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Rivers and Mountains

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It was cold and crisp outside the hotel. Slush and ice made our small trip to the door precarious. A tall woman met us. She was the organizer of the trip and the main topic of conversation, which was not usually a good omen. She had very dark skin, which looked more like leather. Her hair was as brittle as stalactites after many years of cold winds throwing it about. Our small group was downcast as across the road there was a five star hotel that looked warm and beckoned us to its large open doors. Whereas in front of us was a small modern ski school that dug into the traditional buildings around it. It barely looked as if it could hold more than 10 people. Ziggy's face was like a contrary image, she was all smiles. My first day however, contradicted my every thought, the skiing was like a dream and even though the instructors could not even speak more than two words of English we learnt a lot. There was a point, though, at which are instructor was so enraged as to find someone had got lost that he skied down the mountain telling us to wait at the top. ...read more.


I was sitting near the front and overheard some of what he was saying, as apparently he could speak English well. He had come from France when he was a young lad with his family; he had first discovered coaches when he was taken for a tour of the Alps, ever since he had been in love. He continually repeated that he had never driven anything but a coach, and that buses were whole different world. He was obviously mad. It seemed he lived in the bus, as there was a mattress in the luggage storage, which when questioned, was dismissed as 'not there'. The seat he sat on had worn down to the very frame it had been made on and seemed to fit to his body as though a fine craftsman had moulded it to his large exterior. The rest of the coach was little more than dire. Some of the seats had been replaced with wooden benches and most of the windows were barely shards. The bus seemed to drive on his will as it appeared to be physically impossible for it to run on anything else. ...read more.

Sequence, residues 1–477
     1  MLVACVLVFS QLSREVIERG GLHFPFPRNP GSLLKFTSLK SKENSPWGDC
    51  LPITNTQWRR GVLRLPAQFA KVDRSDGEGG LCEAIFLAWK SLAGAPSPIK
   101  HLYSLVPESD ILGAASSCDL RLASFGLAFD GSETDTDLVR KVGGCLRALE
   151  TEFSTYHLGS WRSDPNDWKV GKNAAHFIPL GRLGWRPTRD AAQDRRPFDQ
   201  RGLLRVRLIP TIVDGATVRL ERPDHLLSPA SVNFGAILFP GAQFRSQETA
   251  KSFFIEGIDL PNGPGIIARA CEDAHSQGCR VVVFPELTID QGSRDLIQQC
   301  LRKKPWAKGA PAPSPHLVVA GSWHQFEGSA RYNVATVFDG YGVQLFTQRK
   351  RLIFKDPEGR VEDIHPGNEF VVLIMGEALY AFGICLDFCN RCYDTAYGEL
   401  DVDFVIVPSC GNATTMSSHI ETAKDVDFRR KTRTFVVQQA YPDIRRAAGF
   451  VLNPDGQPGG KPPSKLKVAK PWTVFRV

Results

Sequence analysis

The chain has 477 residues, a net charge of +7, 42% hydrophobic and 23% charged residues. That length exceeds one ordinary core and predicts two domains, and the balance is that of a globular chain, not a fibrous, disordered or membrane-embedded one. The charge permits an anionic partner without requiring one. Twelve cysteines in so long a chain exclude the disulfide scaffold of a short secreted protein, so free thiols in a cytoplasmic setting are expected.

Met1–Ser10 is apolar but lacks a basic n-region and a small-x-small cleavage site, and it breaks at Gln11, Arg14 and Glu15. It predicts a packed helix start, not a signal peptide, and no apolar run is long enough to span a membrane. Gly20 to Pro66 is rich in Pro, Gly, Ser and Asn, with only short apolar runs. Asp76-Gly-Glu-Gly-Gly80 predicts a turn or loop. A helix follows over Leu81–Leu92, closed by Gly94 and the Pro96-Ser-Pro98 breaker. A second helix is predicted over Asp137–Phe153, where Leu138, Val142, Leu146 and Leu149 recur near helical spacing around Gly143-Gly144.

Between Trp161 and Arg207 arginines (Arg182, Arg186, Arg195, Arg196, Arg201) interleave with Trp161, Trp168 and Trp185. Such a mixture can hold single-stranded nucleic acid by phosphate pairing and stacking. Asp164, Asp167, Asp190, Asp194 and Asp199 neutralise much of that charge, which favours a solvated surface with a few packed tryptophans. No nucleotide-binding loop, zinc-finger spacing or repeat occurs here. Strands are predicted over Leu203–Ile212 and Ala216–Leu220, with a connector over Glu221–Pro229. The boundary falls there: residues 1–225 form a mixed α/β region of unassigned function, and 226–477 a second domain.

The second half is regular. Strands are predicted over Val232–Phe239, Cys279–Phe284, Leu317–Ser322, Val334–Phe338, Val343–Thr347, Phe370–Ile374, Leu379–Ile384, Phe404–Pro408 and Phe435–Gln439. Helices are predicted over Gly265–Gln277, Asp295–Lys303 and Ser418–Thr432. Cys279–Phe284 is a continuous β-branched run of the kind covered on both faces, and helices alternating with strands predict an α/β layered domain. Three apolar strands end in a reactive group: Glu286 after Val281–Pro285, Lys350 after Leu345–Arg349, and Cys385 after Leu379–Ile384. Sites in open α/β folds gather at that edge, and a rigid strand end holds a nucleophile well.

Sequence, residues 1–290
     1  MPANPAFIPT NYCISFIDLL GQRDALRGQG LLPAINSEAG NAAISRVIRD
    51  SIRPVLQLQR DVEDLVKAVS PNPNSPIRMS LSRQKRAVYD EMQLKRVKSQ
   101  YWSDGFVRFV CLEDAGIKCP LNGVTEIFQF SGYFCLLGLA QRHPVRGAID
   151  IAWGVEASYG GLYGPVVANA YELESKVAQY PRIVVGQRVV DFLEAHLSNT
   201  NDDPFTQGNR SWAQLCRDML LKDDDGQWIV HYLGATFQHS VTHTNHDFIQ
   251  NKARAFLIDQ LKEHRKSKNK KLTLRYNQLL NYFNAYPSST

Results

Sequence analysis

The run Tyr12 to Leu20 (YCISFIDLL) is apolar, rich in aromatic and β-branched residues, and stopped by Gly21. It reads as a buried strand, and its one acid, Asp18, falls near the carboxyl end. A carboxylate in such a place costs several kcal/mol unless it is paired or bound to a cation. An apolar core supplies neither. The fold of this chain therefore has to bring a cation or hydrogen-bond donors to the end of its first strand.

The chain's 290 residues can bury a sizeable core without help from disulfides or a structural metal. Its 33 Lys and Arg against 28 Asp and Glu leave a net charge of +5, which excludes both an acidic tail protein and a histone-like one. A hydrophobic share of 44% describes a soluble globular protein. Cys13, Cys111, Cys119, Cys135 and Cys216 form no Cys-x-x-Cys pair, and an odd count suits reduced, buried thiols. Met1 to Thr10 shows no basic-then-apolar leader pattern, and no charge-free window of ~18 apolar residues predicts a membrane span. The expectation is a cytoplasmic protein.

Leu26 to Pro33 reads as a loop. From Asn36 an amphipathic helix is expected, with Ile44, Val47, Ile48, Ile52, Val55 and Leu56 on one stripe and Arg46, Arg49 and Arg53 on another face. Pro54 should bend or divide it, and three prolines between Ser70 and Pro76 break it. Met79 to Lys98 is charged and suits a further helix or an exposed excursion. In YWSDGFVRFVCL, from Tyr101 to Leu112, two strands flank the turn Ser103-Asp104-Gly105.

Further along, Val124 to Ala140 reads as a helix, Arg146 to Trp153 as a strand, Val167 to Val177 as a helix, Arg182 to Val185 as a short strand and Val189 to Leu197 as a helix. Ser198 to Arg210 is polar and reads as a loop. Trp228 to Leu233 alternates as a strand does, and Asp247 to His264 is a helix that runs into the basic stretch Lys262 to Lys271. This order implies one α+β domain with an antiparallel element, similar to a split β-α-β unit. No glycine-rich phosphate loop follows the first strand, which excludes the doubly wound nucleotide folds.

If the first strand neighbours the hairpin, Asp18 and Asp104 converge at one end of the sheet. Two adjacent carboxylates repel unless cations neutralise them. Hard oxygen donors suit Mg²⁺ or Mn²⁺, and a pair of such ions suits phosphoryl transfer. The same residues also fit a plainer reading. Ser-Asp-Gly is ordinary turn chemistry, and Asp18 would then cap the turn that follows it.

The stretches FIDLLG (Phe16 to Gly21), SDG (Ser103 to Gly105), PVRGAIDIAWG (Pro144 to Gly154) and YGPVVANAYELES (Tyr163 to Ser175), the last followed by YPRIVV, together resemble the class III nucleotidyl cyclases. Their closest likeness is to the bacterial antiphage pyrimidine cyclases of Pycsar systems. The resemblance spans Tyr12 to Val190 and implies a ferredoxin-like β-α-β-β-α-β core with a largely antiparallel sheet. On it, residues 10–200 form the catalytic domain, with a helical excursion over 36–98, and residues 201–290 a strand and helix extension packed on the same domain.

The climax of our week was spent in the five star hotel. Ben came into my room with Hugh and struck me with the idea of exploring the building opposite, I thought this was a good plan as I was intensely bored owing to the fact that skiing was of as there was too much fog up the mountain. We crossed the street and the cold tore at my hat urged on by the wind. The road was slim and winded round the buildings and houses. It was crested with snow and decorated with ice that made the journey across the gap much longer than it should have been. The doorman did not seem to notice as three boys entered the hotel; as soon as we were in the main hall we new this was quite a place to be in. The staircase seemed to lead to heaven, numerous doors led to numerous rooms of leisure. We took the first door that came in our contact. It opened onto a narrow corridor that led like an endless snake deep into the building. We decided to follow it and were surprised to see on every wall pictures of famous people who had stayed at the hotel, ...read more.

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